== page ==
The Commonwealth Scientific and Industrial Research Organisation (CSIRO), based in Australia, is said to be one of the first research institutes to put its name to a diet plan. Together with Penguin Australia, they published the 'Total Wellbeing' diet, which saw British release last month.
It is set to generate yet another dieting craze as overweight Britons are increasingly warned of their need to lose weight yet know the difficulty of sticking to the low-carb, high-protein Atkin's diet.
Like the Atkin's diet, the 'Total Wellbeing' plan is based on increasing protein intake and reducing carbohydrates, although not to quite the same extent. It recommends at least four servings of red meat per week - but controlled portions of carbohydrates and fresh fruit and vegetables are also permitted.
The CSIRO nutritionists claim the diet is a "scientifically tested and nutritionally balanced plan" aiding weight-loss by restricting glucose and therefore reducing hunger.
But research into 'Total Wellbeing' was part-funded by the Meat and Livestock Australia and Dairy Australia organizations, and critics claim this has influenced CSIRO recommendations.
Despite this, the book explaining the diet is topping the Australian bestseller lists, beating Harry Potter and The Da Vinci Code to the top spot.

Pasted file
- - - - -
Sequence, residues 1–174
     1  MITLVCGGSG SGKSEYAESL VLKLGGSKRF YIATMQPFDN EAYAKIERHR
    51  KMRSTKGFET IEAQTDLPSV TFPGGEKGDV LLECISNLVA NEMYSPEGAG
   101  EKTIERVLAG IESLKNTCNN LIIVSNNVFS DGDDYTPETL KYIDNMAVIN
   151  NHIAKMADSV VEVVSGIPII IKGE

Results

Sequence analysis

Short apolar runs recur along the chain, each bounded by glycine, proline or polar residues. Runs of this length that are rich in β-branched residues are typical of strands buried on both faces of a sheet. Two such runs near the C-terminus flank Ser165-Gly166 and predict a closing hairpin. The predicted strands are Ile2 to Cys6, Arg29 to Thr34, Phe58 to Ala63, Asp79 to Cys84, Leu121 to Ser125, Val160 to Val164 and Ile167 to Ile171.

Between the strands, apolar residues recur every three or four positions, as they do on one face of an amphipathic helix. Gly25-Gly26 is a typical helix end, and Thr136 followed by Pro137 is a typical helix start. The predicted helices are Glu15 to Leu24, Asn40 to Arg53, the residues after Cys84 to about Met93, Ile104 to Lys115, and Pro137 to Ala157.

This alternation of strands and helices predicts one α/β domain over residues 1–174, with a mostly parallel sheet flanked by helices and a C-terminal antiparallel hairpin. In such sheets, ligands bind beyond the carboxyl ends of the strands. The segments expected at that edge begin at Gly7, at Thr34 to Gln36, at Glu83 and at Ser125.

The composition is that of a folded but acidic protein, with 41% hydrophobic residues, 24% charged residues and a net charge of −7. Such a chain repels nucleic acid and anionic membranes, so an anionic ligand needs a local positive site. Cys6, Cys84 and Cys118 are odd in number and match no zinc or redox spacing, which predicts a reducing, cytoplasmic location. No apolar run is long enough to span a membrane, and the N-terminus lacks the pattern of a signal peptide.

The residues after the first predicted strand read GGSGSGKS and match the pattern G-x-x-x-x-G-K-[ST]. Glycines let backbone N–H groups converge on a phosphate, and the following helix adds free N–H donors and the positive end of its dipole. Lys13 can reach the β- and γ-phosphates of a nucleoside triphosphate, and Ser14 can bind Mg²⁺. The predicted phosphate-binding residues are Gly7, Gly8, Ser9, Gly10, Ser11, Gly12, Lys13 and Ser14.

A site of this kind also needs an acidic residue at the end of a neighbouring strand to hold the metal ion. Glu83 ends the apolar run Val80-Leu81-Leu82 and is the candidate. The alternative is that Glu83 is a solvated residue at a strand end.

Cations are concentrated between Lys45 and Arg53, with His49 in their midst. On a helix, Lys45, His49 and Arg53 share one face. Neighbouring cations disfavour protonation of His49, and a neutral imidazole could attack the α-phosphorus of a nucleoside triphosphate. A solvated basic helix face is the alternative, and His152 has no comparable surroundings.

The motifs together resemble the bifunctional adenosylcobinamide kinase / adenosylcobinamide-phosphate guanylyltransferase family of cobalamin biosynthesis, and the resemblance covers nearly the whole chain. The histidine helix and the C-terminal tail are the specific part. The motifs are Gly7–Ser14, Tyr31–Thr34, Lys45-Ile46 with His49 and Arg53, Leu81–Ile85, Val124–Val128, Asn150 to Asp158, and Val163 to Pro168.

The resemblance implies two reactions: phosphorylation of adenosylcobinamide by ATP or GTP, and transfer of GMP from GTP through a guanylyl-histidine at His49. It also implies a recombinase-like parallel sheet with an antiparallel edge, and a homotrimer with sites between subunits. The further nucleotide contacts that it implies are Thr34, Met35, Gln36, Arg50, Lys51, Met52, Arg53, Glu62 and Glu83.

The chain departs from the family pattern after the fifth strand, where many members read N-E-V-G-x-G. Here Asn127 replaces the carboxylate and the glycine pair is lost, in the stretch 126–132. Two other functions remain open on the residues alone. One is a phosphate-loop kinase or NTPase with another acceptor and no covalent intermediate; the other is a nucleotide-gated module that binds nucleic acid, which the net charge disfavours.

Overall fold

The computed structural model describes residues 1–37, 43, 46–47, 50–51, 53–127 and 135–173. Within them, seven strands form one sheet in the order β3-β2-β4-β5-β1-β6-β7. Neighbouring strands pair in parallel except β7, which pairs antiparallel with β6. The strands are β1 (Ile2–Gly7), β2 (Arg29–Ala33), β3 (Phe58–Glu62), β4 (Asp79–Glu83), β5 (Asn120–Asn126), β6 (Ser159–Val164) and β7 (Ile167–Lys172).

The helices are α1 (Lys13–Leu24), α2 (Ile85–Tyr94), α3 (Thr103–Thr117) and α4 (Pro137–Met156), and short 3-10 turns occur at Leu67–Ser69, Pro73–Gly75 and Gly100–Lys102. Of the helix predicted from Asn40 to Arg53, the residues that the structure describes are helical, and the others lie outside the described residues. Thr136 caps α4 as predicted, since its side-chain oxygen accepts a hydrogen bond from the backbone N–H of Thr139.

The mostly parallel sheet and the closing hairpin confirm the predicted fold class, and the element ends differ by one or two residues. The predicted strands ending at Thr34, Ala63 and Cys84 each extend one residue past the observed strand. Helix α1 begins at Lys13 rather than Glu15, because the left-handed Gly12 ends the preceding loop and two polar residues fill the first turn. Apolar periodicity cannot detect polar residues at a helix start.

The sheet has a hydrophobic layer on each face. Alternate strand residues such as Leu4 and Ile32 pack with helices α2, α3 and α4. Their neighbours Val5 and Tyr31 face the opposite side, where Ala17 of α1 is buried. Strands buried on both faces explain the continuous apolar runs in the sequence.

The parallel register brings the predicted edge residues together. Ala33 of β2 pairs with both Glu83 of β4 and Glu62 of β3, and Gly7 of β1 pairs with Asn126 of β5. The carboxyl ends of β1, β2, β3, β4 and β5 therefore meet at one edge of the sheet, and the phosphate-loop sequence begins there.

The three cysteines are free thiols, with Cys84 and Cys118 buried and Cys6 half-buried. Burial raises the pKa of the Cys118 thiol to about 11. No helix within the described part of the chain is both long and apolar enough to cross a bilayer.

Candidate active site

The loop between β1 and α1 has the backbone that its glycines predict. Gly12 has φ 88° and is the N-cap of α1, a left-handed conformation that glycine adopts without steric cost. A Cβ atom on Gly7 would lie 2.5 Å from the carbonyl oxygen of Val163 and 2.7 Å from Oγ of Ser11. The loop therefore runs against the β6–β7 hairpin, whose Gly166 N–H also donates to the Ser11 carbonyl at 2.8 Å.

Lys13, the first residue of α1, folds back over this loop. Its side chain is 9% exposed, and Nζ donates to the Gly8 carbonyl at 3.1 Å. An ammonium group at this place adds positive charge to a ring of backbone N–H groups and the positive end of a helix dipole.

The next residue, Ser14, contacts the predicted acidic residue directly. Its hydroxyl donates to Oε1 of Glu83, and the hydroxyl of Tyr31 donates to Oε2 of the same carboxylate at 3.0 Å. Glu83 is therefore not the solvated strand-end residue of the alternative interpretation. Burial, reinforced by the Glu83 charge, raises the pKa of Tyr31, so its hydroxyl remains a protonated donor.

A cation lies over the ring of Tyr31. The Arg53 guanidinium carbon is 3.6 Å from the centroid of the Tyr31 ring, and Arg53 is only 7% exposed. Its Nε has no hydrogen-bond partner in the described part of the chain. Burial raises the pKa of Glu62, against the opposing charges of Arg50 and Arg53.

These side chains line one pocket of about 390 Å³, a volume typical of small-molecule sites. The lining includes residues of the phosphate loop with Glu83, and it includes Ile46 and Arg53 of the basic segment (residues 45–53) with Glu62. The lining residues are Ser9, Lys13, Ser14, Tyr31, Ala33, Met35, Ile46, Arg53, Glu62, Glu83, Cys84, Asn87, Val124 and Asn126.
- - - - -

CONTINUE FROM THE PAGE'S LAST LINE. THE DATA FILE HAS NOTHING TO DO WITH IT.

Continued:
It is based on eight years of CSIRO research into heart disease and the results of two specific 12-week diets involving 120 obese women. Half were placed on a high-protein low-fat diet and the remaining a high-carb low-fat diet.
The results indicate that women with high triglycerides lost 25 per cent more on the high-protein diet than on the high-carb diet. Much of this extra weight was lost in the abdominal area, indicating improved metabolic health.
Nutritionist Toni Steer, from the Medical Research Council's human nutrition unit in Cambridge, UK, stressed that the "evidence base is highly lacking at the moment."
"But others in Europe are looking at manipulating people's protein intakes to make them feel fuller, so the Total Wellbeing Diet is not alone in that respect," she added.
Australian critics argue that the diet openly supports the meat and dairy industries and may not be healthy. Protein and fats derived from a variety of sources, including plant-based alternatives, are not encouraged. Australian Science magazine claims that the diet-plan displays "extreme nutritional reductionism."
But Steer said: "It doesn't strike me as a diet particularly recommending any types of food groups."
Whether the diet will catch on in Britain remains to be seen, but popularity will be closely monitored as the country is seen as an entry-point for diets hitting the European market.
England's annual health survey has recorded dramatic increases in obesity from 13.2 per cent to 22.2 per cent in men and 16.4 per cent to 23 per cent in women in just 10 years up to 2003.
However there are many ingredients contained in the Australian plan that may not be widely available in Europe, including exotic fish and unusual breads, which could hinder its popularity outside Australia.